Before, you were using other people's ideas on how to optimize savings. And it worked because there was a fair amount of money to skim off the top. Now you have to start find optimizations and money systems that are tailored to you and your family. Don't be scared, be thoughtful. If monetary charity is important to you, then give. If your house is important to you, then live in it. If you're thoughts about money are becoming obsessive or unhelpful, put the current percentage of savings on automatic and take a step back.

Noodle

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Re: Stuck: the expenses we "can't" reduce
« Reply #26 on: October 06, 2015, 05:12:02 PM »
Well, yes, even optimizing relentlessly, housing and insurance are likely to be the biggest chunks of the budget. That's better than cars and cellphones! The giving is your call. Is it more important to give money now, knowing that you are also giving retirement time by reducing savings, or to give more time later (and possibly money as well)? People decide both ways.

Here's the thing...it may or may not be possible to retire extremely early with a given set of circumstances. MMM did it with two high incomes, no student debt, and not starting a family until after the financial work was done (and then having just one). His family also doesn't have pets, disabilities, or major family/faith commitments if I remember the situation correctly. Other people, with debt, lower incomes, or pre-existing financial commitments (child support, for instance) may not be able to travel the same distance so quickly.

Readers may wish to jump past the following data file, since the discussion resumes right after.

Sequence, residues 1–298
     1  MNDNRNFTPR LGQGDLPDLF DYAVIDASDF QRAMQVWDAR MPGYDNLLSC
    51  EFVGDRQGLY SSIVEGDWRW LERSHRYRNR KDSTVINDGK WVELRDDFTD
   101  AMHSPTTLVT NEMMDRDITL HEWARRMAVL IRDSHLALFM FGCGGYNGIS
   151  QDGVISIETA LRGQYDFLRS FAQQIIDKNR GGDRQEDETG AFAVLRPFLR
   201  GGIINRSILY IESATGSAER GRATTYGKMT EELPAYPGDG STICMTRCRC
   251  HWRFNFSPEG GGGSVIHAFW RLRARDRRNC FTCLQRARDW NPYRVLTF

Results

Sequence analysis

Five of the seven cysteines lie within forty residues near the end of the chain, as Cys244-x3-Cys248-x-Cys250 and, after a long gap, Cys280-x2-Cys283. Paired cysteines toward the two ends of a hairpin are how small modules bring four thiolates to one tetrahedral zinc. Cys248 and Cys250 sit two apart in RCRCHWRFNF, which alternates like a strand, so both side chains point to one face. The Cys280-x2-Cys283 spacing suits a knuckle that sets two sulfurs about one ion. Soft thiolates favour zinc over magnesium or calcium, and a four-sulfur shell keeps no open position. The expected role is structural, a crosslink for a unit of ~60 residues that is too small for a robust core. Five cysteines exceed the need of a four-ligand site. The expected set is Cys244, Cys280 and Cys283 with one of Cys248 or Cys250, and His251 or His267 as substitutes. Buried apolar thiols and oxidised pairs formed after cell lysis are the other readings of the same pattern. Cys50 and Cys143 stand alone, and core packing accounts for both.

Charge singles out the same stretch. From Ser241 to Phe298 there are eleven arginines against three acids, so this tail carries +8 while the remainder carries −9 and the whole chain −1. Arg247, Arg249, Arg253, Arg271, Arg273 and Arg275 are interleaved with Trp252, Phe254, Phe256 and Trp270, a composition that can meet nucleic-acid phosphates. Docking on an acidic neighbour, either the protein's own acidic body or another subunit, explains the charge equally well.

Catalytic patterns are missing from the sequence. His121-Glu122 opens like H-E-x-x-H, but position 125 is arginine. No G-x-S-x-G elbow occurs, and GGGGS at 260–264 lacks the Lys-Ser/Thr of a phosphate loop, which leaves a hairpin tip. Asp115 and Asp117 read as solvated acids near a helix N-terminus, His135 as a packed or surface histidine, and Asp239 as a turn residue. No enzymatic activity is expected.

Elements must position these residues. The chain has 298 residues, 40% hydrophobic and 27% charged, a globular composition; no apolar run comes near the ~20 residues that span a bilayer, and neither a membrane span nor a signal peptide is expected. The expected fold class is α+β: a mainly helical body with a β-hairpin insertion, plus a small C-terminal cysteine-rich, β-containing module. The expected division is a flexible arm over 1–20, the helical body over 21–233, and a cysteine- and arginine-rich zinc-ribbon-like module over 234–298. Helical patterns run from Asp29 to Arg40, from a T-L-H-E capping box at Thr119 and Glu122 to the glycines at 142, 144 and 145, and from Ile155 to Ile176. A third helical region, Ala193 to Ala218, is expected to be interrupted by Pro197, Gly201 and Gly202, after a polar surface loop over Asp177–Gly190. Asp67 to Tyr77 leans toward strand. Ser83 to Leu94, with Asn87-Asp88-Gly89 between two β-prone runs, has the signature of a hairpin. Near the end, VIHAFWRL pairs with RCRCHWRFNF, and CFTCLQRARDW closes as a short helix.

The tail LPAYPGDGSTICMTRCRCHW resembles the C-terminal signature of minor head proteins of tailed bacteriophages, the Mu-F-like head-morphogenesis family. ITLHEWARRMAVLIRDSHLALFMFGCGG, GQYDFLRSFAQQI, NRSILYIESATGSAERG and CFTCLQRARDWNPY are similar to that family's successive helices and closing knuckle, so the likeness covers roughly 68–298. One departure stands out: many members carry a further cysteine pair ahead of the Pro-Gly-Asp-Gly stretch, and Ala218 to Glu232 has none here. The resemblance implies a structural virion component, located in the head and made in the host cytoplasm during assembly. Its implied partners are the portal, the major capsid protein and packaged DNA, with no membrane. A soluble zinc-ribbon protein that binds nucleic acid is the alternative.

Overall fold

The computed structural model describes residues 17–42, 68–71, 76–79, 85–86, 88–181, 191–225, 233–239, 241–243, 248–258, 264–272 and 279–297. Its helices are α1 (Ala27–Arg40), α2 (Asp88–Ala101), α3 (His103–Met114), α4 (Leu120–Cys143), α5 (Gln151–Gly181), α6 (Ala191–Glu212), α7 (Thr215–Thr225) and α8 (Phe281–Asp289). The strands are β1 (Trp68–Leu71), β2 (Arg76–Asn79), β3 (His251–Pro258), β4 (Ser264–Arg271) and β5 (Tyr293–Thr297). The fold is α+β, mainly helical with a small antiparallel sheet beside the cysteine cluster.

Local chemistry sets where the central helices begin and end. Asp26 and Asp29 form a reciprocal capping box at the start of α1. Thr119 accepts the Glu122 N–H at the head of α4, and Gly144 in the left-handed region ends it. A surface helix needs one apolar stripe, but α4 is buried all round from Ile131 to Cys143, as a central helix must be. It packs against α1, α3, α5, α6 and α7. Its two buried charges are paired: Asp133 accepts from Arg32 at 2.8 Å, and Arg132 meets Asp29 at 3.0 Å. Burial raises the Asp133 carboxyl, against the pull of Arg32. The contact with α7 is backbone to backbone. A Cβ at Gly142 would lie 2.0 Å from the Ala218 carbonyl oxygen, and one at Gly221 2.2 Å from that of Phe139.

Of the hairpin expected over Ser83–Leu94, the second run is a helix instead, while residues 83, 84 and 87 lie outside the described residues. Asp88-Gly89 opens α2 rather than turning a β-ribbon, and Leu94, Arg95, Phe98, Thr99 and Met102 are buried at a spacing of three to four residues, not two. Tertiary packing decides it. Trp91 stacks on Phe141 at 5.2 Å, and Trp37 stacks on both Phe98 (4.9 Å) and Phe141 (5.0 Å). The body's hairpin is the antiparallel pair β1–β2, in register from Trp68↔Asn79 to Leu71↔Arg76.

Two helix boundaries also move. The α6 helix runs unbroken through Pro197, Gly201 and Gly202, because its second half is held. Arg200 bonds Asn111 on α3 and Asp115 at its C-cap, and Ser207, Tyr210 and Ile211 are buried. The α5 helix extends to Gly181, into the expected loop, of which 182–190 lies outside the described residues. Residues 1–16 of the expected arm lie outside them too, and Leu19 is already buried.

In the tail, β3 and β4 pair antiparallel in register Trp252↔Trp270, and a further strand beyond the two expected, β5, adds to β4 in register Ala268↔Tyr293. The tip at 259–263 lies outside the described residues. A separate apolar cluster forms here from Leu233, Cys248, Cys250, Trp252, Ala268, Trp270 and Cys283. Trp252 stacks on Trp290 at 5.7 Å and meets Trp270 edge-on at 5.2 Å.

But everyone will do better for themselves with the MMM techniques than without them. Try not to look around at other people and feel discouraged...look at your own improvements and feel proud! And own your choices...would you really want to get to the finish line faster if it meant not having your children? As Weight Watchers says about food...you can have anything you want, but you can't have it all at once and in unlimited quantities!

La Bibliotecaria Feroz

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Re: Stuck: the expenses we "can't" reduce
« Reply #27 on: October 06, 2015, 05:28:50 PM »
It kind of seems like you posted on your giving about here because you want us to tell you not to give so much.

Your call. Giving time instead is certainly an option to consider. You could give time now, while you are in good health but wanting to save money, and give more money later, when you HAVE more money (thanks to the magic of compound interest).But it's your money.

teveboss

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Re: Stuck: the expenses we "can't" reduce